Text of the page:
As I continue to reflect back on last year’s events about mom, I still question some things that I did and didn’t do, like spending more time with her during the week even though I worked. Was it right to move her into assisted living and not move her into a 2-bedroom apartment with a live-in aide? If I hadn’t moved her to AL then she wouldn’t have fallen and fractured her pelvis and the “beginning of the end”, as I call it, wouldn’t have happened.
But then, as Dr. K tried to explain to me, her condition would have gotten much worse; it appeared as though she had some TIAs and would likely have be on the path to eventually not recognizing us.
So, as I continue to try to fully accept events leading up to her passing, I thank my blessings everyday that she knew who we all were ’til the end and how much she was loved.
A year ago yesterday, on Feb. 10, I lost mom. I still can’t believe it’s been an entire year since she’s been gone.
I have now gone through an entire year of holidays, family celebrations and birthdays without her. And this year, there will be another wedding of a grandchild without her.
When I think of mom (which is practically a daily occurrence), I am slowly starting to think of her with warm and loving memories and not the profound loss I feel. I know, and I’ve said this before, that mom would be furious to know that she’s caused so much sadness in my life. I can hear her saying, “Oh, Jane…”
Since her passing I have suffered from situational depression. Some days have been worse than others. Some, really not too bad. Weekends have been the hardest since mom and I spent practically every weekend together for nearly five years.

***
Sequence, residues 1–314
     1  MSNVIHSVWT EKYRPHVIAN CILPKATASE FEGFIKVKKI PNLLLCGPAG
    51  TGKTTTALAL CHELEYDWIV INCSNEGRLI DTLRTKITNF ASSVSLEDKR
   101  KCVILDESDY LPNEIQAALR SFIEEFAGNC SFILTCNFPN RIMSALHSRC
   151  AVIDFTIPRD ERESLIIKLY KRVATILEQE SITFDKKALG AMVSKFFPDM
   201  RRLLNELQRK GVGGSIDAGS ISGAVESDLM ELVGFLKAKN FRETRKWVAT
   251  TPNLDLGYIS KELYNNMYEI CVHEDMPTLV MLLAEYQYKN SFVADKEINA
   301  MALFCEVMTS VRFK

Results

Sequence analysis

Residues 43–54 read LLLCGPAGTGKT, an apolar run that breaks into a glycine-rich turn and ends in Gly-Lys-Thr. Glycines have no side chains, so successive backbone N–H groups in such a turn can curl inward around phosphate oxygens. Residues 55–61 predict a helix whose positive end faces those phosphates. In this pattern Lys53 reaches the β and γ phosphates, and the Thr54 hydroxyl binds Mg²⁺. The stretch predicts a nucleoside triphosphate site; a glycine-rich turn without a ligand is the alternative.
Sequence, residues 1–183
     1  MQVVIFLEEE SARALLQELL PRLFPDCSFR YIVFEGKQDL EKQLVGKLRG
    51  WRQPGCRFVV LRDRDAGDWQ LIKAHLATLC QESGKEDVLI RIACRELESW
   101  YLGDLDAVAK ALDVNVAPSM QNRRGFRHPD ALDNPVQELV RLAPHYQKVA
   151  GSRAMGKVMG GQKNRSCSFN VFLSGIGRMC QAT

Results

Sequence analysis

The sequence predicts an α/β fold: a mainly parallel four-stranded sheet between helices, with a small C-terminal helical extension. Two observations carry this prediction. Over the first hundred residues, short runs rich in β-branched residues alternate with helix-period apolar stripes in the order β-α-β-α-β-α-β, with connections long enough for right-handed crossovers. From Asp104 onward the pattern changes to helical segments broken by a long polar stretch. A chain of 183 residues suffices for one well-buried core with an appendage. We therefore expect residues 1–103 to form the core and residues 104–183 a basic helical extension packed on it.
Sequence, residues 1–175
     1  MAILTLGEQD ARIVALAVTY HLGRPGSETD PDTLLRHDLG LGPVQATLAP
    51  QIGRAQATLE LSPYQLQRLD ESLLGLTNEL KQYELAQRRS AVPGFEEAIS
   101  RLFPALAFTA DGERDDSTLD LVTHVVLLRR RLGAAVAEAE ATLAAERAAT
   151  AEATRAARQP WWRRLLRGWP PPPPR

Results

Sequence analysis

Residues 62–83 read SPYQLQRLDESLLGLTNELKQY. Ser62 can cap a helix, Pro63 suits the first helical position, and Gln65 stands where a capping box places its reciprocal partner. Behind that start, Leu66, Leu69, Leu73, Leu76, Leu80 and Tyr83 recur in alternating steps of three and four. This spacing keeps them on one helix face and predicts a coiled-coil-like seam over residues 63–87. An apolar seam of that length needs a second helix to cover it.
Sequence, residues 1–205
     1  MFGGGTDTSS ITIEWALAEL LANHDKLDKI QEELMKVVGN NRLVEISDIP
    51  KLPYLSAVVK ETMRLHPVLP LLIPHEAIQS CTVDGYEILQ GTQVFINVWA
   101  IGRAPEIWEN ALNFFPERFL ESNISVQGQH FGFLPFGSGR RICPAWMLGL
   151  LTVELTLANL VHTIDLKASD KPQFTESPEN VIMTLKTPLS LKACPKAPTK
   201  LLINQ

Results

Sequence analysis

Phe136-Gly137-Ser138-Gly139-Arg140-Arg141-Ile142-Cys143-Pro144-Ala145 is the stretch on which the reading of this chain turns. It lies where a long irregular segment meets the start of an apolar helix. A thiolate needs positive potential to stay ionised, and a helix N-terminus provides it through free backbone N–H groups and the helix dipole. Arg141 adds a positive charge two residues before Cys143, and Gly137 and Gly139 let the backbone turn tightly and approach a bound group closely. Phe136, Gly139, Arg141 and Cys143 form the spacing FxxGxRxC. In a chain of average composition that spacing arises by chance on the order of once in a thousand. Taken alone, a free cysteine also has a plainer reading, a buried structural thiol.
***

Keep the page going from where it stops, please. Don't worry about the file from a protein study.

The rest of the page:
After counseling via Dr. R and my hospice bereavement counselor I decided to give an anti-depressant a try. Now, anyone who knows me know how anti-pills I am and if I don’t have to take one I won’t. But constant bouts of crying, losing passion for things I once had and just a general blah and blase feeling about things prompted me to give it a try.
I hated it. Almost immediately I started waking up several times in the middle of the night and it paralyzed any normal emotion I had. I understand it’s supposed to do the latter but I hated it. I even tried thinking about things that would normally evoke crying from me but I couldn’t shed a tear. After two weeks I knew I had to stop it. I spoke to my doctor and luckily this was one drug that you didn’t have to wean yourself from. It was surprising to her that it acted that fast on me. It took a full three weeks to get it all out of my system. I never thought I would be so happy to cry again, but I was. I got my “self” back.
I still have not been able to re-visit certain places mom and I used to go to and don’t know when I will.
I am learning to live with my “new normal.”
Recently, I’ve been reading posts relating to mom’s rapid decline from last year that correspond to the current day’s date in 2013. I’m not sure why I’ve been doing this. Maybe to see where I was emotionally at that time.
According to the Jewish calendar, Feb. 10, 2012 – the day we lost mom – corresponds to 17 Shevat. This past Jan. 28 marked her yahrzeit – the anniversary of her passing (still can’t say the “D” word) – which corresponds to 17 Shevat. -
At any rate, in reading last year’s post, I so vividly remember today, last year.
I am so honored to be nominated for the Super Sweet Blogging Award. What makes this nomination so special is that one of my favorite bloggers, Kathy, who pens “Kathy’s Blog: Healing from the loss of a parent” (http://peace4me521.wordpress.com/), nominated me.
I encourage everyone to follow her beautiful writings. They are a wonderful tribute to the mother she lost four years ago to pancreatic cancer. Her posts have offered tremendous comfort to me as I continue through the grieving process for my mother, who I lost last February.
Thank you, Kathy.